This is my personal blog. The views expressed here do not necessarily represent those of the congregations I serve.

Saturday, May 28, 2011

Ehrman's Forgeries.



Bart Ehrman’s latest book is apparently another attack on the integrity of the New Testament.  At one time, Bart was a fine scholar.  Now his work has deteriorated to where it is close to hate speech.  If he made the same claims about the foundational documents of Judaism, Islam, or Buddhism, as he does about Christianity, he would rightly be dismissed as a bigot.

All of us who attended a respectable seminary in the last 150 years have known about pseudonymous authorship.  According to the mainstream of scholarship, many of the books of the New Testament were not authored by the figures to whom they are attributed.  This was a common practice in the ancient world.  But when Christians who were raised on literalist and fundamentalist interpretations of the Bible learn this, it can shake their faith.  This seems to be what happened to Ehrman.  He came out of an extremely conservative church background, and when he attended seminary and started learning about things like pseudonymous authorship, he felt a great sense of liberation.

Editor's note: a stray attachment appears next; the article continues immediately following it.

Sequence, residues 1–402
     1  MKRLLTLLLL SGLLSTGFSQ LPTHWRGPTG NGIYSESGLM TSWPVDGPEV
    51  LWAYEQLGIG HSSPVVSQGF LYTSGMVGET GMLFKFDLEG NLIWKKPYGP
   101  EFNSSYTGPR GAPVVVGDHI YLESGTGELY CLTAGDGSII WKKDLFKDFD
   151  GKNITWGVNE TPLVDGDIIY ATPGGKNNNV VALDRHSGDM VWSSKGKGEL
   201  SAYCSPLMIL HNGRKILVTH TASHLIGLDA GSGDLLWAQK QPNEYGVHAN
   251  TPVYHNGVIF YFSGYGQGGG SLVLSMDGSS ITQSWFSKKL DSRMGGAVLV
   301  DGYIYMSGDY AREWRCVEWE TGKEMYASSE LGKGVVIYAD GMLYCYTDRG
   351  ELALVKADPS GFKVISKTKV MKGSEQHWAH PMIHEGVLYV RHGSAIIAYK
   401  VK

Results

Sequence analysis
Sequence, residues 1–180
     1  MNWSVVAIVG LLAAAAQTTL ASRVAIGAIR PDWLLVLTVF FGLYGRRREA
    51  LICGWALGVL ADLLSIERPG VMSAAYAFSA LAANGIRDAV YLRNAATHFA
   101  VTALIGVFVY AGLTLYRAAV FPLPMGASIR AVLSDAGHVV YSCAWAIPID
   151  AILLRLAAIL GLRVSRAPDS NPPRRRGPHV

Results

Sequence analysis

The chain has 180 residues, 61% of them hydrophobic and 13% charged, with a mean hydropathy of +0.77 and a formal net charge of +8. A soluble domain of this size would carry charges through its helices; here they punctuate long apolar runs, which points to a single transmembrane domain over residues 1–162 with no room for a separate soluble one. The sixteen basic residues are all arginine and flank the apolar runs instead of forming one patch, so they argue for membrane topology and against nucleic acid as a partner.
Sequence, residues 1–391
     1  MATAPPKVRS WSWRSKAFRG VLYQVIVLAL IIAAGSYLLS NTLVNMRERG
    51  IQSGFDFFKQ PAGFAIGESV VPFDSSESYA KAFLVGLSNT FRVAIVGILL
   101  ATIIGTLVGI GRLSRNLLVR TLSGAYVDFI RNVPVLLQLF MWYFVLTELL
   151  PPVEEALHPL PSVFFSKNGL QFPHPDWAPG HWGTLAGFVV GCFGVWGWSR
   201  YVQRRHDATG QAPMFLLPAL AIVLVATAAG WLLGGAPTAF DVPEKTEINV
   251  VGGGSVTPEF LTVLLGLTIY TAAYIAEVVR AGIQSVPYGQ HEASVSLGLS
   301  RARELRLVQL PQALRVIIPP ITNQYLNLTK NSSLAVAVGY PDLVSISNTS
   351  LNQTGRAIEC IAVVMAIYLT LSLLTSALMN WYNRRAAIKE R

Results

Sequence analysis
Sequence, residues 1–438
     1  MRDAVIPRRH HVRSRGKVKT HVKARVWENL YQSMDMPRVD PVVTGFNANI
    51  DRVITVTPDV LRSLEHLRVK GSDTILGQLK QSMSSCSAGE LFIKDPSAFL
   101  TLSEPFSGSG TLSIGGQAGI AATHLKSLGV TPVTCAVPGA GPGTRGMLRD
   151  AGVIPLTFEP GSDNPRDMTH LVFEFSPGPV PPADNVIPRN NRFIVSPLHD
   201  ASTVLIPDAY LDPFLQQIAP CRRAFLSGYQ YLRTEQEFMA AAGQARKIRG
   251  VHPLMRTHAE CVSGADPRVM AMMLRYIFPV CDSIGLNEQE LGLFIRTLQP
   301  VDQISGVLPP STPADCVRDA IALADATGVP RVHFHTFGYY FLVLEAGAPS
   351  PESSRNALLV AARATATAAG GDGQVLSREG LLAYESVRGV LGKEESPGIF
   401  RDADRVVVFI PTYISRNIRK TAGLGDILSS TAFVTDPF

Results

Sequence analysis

Bart apparently wanted to share his sense of liberation by becoming a teacher and bringing his students to appreciate what he had discovered about the text of the New Testament.  This is fine.  I am of the opinion that seminary graduates have been criminally negligent in not bringing this data to the church; instead they cave in to whatever sentimental, mindless prejudice they find among their church members; as a matter of self-preservation, no doubt.  If you are a young minister, right out of seminary, and the people who pay your salary get much of their biblical information during the week from radio dingbats like Harold Camping, you have a lot of incentive to keep ideas like pseudonymous authorship to yourself.

So along with having to deal with nasty, self-righteous, violent, judgmental fundamentalists, the church also has to endure the backlash of people like Ehrman who were abused by those fundamentalists, and who now relish exacting their revenge by attacking Christianity.  I realize there is a great deal about historical, institutional Christianity that deserves critique and even condemnation.  But inventing bad motives and applying modern publishing standards to people writing 2000 years ago is idiotic.